Date of Award

Spring 1995

Document Type

Dissertation

Degree Name

Doctor of Philosophy (PhD)

Department

Engineering Management

Committee Director

Fred Steier

Committee Member

James Baesler

Committee Member

Barry Clemson

Committee Member

Billie Reed

Abstract

Group work creates concerns with respect to performance, collaboration, and conflict management. Writing technical proposals creates appropriate settings for gaining insight into work group efficiencies and project conflict. The research involved different work groups preparing responses to Federal Government solicitations. A proposed Process/Product model was applied to create a new framework and perception of the technical proposal development effort. There exists a rich dialectic between the forces of Process, (how the effort is accomplished), and, Product, (what the effort will produce.) The investigation attempted to learn if the P/P model provides explanations for project conflict during technical collaborative writing.

The investigation examined the nature of the dependence and independence associated with Process choices and Product choices in industry. The research studied Semi-Autonomous Work Groups developing technical responses to three different Federal Government Solicitations. Technical proposal development efforts in a Federal Government environment span a relatively short development cycle. Work group activity involves the direct collaborative writing participation of work group members, conducting the engineering management functions of planning and producing proposal documents. The research findings suggest that the results of this special case investigation could provide a research basis for other work group collaborative writing and technical activities.

The research method used was participative observation conducted in a semiovert manner (during the proposal development project) combined with an overt investigation (after the project) to generate orienting theory that will advance the state of knowledge regarding the management of project conflict during collaborative work group technical proposal development. The research included conducting a semistructured interview after each project completion to learn if participants perceived that they witnessed conflict and to describe its nature. The researcher interpreted the comments associated with conflict in terms of the Process/Product model to learn whether the model provides explanations of conflict or dissatisfaction in this collaborative technical writing setting. An analysis of researchers' dual role as a participant in the work group and an observer is also included in this study.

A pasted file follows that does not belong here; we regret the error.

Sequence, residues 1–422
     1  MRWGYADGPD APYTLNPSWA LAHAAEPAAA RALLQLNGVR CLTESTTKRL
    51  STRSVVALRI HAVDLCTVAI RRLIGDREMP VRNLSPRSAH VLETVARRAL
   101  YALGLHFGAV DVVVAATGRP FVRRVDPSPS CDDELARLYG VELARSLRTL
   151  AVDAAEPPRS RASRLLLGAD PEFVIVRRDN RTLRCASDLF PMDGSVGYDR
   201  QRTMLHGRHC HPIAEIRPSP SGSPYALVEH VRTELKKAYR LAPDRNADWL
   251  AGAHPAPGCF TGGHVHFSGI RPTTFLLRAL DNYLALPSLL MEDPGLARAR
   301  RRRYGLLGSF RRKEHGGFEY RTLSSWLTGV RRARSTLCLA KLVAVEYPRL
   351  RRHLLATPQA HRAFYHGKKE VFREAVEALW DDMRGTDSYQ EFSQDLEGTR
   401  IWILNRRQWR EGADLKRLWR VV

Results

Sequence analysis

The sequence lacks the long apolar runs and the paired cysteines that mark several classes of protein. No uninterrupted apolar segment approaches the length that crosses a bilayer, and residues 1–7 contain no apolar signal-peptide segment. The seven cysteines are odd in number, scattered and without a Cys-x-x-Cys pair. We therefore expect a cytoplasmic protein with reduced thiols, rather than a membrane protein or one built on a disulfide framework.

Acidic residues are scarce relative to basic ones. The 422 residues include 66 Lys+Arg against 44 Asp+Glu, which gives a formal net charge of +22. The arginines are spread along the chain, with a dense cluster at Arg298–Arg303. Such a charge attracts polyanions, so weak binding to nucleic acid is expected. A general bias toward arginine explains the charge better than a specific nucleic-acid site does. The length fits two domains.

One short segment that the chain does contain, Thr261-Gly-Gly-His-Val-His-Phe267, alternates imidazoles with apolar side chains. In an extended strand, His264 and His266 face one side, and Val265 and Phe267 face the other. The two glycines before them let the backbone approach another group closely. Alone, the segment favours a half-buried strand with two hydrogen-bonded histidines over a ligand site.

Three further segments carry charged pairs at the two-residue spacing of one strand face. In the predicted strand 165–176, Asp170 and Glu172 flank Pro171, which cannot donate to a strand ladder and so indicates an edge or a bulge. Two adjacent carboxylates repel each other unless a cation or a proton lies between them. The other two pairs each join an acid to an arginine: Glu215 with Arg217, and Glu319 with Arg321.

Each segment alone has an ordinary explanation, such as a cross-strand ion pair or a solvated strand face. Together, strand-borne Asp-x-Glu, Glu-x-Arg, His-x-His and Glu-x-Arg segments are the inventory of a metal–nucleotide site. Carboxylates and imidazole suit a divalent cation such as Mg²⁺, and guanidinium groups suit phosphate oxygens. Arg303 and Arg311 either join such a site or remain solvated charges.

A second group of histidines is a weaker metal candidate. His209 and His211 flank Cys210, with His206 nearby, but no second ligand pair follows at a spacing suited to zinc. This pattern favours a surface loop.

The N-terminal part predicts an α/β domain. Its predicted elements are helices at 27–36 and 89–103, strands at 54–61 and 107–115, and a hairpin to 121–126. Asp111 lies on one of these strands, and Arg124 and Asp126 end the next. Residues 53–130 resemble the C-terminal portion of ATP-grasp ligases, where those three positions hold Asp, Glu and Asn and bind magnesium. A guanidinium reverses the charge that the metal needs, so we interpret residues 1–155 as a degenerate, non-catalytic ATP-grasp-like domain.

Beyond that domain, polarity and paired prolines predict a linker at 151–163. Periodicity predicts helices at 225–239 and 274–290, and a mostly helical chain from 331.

Significant findings include that the process/product model, like other engineering management paradigms, provided a pragmatic perspective for practicing managers concerned with collaborative technical writing conflict. The findings also suggest these are robust opportunities for additional research in collaborative technical writing from perspectives which extends beyond predominant process orientations.

DOI

10.25777/3hdd-7159

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